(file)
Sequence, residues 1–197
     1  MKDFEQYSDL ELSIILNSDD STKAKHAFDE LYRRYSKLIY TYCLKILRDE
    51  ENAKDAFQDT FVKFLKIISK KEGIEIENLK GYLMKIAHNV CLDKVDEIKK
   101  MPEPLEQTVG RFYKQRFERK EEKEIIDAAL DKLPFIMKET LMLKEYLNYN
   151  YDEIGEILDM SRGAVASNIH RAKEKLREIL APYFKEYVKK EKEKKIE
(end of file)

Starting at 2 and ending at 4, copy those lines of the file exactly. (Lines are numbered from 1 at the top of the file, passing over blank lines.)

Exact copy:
     1  MKDFEQYSDL ELSIILNSDD STKAKHAFDE LYRRYSKLIY TYCLKILRDE
    51  ENAKDAFQDT FVKFLKIISK KEGIEIENLK GYLMKIAHNV CLDKVDEIKK
   101  MPEPLEQTVG RFYKQRFERK EEKEIIDAAL DKLPFIMKET LMLKEYLNYN